Besides the fact that there are no barriers to entry on the Internet, no finite public airwaves to distribute fairly, and (net neutrality notwithstanding) no undue commercial pressures that favour some content over others, the simple fact remains that Internet regulation is pointless because it’s impossible to enforce.

The CRTC has seen the light on this, so thankfully we can move on.

The hearing is scheduled for April 7, 2008 in Gatineau. Comments are accepted until Friday. 

Rogers Sportsnet 2: Judgment play

The CRTC has approved a specialty TV service for Rogers called Rogers Sportsnet 2 (really? Couldn’t come up with anything better than that?), which is focused exclusively (90%) on soccer, cricket and rugby (also known as “the lesser team sports that only old British people watch). In fact, the license specifically prohibits the channel from carrying anything related to men’s ice hockey, basketball, U.S. and Canadian football and baseball (in other words, NHL, NBA, NFL, CFL, MLB, their minor leagues, junior leagues, amateur leagues, pee-wee leagues, street leagues or any other versions of these sports where the players have penises). This is to prevent competition with existing networks like TSN and RDS.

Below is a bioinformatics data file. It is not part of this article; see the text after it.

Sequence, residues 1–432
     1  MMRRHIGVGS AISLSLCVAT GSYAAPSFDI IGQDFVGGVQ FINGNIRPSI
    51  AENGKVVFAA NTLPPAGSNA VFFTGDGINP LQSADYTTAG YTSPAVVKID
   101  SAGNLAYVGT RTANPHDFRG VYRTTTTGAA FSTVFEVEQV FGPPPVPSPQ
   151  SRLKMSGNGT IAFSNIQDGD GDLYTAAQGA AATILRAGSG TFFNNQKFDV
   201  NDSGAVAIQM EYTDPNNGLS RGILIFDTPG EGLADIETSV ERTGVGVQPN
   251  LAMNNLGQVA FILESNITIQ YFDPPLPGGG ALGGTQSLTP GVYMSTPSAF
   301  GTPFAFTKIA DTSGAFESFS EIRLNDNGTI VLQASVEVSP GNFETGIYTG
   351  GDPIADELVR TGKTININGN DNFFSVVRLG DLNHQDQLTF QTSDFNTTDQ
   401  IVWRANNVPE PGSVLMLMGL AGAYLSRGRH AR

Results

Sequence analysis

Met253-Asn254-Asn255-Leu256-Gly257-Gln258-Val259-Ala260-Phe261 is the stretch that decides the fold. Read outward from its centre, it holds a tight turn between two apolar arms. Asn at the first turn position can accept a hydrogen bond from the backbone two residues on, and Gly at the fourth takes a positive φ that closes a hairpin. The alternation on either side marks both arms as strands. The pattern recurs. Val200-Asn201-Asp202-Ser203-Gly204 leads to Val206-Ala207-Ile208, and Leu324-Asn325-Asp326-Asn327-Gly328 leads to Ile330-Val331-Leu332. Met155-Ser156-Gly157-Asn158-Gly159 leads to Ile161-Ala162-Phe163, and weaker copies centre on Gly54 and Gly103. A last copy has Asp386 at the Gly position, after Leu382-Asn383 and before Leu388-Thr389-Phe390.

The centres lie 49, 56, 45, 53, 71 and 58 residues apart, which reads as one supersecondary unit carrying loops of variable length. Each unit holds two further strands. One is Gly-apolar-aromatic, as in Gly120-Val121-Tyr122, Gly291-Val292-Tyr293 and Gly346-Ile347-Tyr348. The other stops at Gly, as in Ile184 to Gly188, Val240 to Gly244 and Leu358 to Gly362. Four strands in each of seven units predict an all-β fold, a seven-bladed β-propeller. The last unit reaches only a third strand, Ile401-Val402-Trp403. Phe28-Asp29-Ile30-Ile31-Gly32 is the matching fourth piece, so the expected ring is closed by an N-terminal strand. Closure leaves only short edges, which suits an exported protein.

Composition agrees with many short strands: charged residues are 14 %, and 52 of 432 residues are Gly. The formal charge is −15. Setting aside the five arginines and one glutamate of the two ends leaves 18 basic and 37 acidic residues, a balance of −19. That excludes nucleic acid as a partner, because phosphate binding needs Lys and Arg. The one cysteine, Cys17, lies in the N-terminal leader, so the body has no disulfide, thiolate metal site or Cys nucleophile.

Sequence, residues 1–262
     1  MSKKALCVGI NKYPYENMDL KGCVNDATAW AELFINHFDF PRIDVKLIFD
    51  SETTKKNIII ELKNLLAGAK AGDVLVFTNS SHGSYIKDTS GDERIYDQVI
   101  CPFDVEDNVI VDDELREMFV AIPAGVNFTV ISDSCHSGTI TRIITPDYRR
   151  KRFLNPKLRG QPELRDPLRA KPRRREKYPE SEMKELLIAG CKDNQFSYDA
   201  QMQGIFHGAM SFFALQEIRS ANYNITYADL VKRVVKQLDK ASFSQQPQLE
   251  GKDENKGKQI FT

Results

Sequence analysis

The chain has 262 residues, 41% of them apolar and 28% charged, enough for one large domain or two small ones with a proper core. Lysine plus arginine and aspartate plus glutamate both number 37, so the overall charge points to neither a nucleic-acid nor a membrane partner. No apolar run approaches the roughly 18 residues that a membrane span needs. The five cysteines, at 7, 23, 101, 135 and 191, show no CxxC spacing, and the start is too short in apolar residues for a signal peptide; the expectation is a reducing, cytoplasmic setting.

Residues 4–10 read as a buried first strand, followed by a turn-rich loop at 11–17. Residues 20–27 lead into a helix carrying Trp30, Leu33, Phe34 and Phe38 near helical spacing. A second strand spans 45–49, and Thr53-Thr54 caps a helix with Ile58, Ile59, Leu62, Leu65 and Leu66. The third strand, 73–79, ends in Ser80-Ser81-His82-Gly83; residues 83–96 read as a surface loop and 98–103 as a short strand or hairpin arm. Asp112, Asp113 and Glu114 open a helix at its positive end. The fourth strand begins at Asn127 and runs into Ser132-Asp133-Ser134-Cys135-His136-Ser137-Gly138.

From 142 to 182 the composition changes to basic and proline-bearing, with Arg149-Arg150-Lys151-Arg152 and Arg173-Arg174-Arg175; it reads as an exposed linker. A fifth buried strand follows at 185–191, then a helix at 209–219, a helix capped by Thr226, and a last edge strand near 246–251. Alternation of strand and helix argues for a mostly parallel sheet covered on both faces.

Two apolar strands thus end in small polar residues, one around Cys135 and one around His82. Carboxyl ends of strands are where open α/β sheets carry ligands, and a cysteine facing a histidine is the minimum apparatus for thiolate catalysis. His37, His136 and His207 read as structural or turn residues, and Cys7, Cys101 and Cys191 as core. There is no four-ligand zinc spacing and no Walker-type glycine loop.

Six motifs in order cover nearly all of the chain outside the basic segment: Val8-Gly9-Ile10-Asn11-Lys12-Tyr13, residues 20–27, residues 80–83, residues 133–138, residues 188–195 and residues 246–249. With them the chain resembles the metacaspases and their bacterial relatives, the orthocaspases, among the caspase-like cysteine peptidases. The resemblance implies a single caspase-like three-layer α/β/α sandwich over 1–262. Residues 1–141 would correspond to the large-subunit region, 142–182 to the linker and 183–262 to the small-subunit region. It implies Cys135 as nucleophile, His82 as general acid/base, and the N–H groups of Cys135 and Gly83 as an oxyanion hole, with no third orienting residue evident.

The application got two interventions, one from CTVglobemedia (which owns TSN), asking for a tougher restriction (Rogers initially offered a prohibition only on the major leagues, but agreed to the change), and the other from the Asian Television Network, which has its own cricket channel called Cricket Plus.

The latter got a funny-sounding response from Rogers, who said that because their channel focuses also on soccer and rugby, “the proposed service would not serve the interests of the cricket enthusiast as effectively as Cricket Plus.” Which is kind of like saying that because RDS carries baseball and football, it won’t serve the interests of hockey enthusiasts as well as the NHL Network. The idea of national exclusivity contracts (which is why NHL Network doesn’t carry any Canadian games) wasn’t brought up.